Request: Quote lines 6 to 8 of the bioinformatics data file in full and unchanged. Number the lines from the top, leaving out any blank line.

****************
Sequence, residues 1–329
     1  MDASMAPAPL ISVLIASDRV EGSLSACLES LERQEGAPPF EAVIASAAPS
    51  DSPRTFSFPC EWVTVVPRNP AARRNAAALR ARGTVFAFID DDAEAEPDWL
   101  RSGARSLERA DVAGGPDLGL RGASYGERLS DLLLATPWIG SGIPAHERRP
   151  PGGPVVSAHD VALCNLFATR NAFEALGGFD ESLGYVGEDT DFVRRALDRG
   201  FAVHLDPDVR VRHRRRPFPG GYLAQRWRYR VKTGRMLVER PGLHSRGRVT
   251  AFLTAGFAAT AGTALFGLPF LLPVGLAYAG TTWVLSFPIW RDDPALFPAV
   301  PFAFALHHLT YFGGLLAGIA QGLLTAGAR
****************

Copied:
   201  FAVHLDPDVR VRHRRRPFPG GYLAQRWRYR VKTGRMLVER PGLHSRGRVT
   251  AFLTAGFAAT AGTALFGLPF LLPVGLAYAG TTWVLSFPIW RDDPALFPAV
   301  PFAFALHHLT YFGGLLAGIA QGLLTAGAR